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Home » News » Crime

February 15. 2014 4:49PM

Police say UNH lecturer killed man, self

DURHAM — A University of New Hampshire lecturer who was wanted in connection with a murder in North Carolina apparently committed suicide on Saturday in Florida, according to police in Cary, N.C.

Eric Paul Engel, 43, allegedly shot and killed former family friend Aleksander "Lenny" Wysocki, 74, in Cary on Friday, according to police there.

Cary police believe Engel then killed himself in Dunnellon, Fla., and are awaiting an autopsy to confirm his identity.

"At this point, we feel confident that there is an end to the Wysocki tragedy," said Criminal Investigations Division Capt. Don Hamilton. "As we said earlier, we did not believe this was a random act, and based on evidence we cannot disclose at this point, we are confident Engel is the man who shot Wysocki."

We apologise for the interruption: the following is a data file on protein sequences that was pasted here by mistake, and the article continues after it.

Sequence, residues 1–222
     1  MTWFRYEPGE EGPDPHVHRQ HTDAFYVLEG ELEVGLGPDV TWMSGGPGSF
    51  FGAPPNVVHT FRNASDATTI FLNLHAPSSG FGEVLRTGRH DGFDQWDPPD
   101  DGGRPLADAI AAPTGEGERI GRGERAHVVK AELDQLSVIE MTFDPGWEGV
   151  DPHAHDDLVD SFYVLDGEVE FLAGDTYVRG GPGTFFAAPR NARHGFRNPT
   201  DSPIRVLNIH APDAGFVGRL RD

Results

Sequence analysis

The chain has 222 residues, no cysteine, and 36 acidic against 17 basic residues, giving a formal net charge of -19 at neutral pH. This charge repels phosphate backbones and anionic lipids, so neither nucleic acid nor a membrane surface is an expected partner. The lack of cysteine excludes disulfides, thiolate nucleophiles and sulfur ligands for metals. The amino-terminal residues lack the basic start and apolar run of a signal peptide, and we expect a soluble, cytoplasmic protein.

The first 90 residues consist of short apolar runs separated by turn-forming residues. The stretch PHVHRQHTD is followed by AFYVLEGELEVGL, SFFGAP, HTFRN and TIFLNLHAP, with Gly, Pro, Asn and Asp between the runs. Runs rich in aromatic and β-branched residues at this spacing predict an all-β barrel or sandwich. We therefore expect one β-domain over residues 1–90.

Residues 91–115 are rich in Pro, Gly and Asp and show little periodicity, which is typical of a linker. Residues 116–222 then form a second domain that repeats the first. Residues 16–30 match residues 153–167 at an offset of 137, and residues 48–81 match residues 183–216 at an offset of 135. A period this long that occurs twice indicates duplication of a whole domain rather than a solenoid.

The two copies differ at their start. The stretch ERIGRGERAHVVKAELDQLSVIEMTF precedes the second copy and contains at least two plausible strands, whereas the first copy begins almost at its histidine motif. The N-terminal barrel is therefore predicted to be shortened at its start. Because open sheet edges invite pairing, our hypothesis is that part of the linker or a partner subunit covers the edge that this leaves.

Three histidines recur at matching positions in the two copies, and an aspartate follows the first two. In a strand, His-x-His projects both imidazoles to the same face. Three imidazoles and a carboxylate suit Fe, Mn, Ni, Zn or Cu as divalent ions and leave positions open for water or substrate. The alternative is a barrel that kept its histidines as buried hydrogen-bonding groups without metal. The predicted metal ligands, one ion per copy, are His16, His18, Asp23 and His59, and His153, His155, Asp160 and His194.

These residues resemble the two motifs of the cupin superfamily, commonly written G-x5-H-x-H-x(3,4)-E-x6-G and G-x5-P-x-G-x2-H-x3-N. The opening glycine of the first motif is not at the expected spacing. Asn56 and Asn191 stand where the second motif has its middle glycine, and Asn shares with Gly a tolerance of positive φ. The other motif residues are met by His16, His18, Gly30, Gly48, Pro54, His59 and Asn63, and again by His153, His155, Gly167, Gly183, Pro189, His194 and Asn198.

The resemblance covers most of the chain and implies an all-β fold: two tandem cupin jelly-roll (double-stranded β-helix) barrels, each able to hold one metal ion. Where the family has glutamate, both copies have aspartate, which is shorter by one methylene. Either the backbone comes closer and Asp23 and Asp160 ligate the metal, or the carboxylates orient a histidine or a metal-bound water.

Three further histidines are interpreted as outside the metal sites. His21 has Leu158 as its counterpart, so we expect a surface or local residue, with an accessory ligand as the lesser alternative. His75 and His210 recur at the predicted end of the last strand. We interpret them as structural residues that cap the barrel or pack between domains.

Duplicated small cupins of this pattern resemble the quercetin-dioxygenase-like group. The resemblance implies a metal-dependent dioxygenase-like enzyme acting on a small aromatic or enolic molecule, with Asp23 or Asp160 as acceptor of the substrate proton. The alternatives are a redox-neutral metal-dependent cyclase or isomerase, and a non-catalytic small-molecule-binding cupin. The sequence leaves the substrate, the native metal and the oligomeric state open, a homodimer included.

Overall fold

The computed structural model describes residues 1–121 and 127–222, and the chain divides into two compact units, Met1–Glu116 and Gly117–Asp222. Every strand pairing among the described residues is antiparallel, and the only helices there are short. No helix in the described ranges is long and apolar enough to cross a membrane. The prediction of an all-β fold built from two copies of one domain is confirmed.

Cary police said Wysocki was killed about 8:30 a.m. Friday; a neighbor heard a gunshot at Wysocki's home. Police found the wounded Wysocki in a side yard and took him to Duke University Medical Center in Durham, N.C., where he was pronounced dead.

Engel was hired as a lecturer in August and taught three courses at UNH, said Erika Mantz, the school's director of communications. She said the school will work over this weekend to find a replacement lecturer for his courses.

A University of New Hampshire faculty listing for Engel said he was a 1994 graduate of the University of Virginia and earned a Master of Arts degree from Purdue in 1999 and a Ph.D from the University of South Florida last year.
 
According to posted catalog information, Engel was teaching a course in the current semester called Introduction to Language and Social Interaction. The class is described as covering "interpersonal communication processes and the ways in which they influence the formation of identity, personal relationships, gender, interactional patterns, conflict, culture and power."
 
Engel's doctoral dissertation last year centered on "incivility in the practice of law in Florida" and examined how people in the legal profession can "begin to communicate their way out of the problem."
Union Leader staff reporter Michael Cousineau contributed to this report.



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